Fourth generation Oregonian I take a lot inspiration from the tall trees and long legends of the Northwest. Clay has been always been a part of my life. My mother, Gail Goodrich was a sculptor of clay. I received a B.A. from “The Evergreen State College” My work can be seen nationally in Texas, Washington, New York. In 2010 I was invited to Sapporo Japan, “The Sapporo Museum of Modern Art” In 2010 and 2015 I was a finalist in the “National Bonsai Pot Competition” in Washington D.C.”
National Arboretum. Featured artist at “The Artisan Cup” Bonsai exhibit at “The Portland Art Museum” 2015
Local clays, like “Deschutes white” and “River dog” made by local legend George Wright give me a wonderful variety of colors and strengths to work with. The clay can reflect the texture of cloth or the coarseness of stone. I have several kilns in my home studio, electric and propane.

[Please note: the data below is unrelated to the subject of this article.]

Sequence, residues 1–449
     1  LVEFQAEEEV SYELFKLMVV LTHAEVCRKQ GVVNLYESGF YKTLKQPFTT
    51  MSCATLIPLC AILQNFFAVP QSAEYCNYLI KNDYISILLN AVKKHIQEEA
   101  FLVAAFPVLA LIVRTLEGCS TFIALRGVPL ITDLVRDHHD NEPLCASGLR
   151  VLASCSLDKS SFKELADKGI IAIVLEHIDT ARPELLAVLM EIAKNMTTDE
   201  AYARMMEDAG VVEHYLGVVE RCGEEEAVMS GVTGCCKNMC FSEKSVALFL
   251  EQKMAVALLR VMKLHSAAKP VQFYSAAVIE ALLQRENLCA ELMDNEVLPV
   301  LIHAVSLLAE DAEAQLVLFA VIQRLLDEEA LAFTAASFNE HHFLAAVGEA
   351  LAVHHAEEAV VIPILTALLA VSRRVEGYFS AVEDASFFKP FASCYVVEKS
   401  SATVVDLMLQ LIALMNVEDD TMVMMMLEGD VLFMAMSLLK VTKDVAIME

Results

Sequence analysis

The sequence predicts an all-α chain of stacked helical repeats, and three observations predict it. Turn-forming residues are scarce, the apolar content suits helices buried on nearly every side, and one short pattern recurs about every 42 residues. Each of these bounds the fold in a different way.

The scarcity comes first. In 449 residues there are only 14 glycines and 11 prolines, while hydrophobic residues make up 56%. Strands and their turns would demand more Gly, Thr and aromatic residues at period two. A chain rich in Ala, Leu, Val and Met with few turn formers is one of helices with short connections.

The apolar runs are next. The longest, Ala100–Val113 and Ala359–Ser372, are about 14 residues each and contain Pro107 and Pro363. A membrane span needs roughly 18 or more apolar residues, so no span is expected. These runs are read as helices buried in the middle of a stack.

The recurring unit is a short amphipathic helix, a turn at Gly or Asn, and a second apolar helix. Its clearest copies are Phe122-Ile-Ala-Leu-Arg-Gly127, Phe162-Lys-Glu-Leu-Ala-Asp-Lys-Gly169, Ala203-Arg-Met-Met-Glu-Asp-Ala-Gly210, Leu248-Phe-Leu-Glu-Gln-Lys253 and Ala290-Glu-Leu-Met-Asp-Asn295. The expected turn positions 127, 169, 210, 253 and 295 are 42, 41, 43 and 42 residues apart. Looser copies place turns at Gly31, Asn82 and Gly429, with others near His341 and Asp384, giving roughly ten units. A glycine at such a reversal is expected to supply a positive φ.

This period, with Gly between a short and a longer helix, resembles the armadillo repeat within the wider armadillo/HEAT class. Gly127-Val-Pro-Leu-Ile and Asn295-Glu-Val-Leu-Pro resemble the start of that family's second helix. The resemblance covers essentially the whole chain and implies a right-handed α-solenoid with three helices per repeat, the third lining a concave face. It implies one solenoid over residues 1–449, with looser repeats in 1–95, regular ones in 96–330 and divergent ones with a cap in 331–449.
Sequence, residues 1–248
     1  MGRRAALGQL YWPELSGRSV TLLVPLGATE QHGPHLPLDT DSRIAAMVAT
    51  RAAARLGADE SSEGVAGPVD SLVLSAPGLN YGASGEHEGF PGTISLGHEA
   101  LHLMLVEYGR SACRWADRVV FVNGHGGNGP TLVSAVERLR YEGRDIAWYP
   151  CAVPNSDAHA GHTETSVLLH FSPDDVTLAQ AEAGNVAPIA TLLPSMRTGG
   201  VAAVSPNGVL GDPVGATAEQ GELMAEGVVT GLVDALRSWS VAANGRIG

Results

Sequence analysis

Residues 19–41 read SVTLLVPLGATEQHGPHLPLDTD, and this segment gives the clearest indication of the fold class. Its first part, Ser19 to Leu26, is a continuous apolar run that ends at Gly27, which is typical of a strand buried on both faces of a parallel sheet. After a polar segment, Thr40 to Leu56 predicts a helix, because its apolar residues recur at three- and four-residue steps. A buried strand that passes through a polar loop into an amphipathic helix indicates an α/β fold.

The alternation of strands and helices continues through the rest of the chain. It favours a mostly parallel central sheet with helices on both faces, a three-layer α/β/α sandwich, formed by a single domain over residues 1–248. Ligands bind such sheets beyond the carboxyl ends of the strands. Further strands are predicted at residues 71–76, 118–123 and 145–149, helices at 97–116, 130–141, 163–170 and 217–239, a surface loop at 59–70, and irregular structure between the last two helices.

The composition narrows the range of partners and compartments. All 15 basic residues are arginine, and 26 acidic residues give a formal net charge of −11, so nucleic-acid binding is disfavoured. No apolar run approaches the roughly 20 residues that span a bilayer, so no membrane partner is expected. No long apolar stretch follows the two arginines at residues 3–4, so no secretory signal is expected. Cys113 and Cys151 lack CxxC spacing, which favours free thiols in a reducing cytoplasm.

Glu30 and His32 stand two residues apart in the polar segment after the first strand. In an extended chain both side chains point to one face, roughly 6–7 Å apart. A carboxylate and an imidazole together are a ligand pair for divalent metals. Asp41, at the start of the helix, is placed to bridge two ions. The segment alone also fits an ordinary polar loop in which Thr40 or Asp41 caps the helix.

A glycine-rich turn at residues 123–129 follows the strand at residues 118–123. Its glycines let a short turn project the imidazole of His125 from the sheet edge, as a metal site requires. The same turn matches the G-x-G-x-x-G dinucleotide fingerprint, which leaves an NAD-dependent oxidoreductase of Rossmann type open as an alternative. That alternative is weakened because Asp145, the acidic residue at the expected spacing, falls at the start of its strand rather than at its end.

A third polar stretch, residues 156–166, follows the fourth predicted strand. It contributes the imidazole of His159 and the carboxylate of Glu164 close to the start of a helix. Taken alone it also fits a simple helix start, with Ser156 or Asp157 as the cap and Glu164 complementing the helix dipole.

Hiroshi Ogawa, Oregon potter, built a wood-fired kiln in Elkton Oregon over 25 years ago. I have had the good fortune to be invited to fire this large kiln. Many of my bonsai pots have been transformed by these Anagama and Noborigama kilns. The colors you see on the pots is the result of wood ash and soda built up over a seven day firing.
The name I gave my business “Legendary Art” refers to the wealth of inspiration I get from legends of the Northwest Native Americans, the Japanese and many other cultures. These legends have timeless themes of love, greed, trickery and humor. I like that my sculptures have a tale to tell.
The Evergreen State College
Bachelor of Arts
“Saga Goryu” School of Ikebana.
Henjoyji Temple, Portland, OR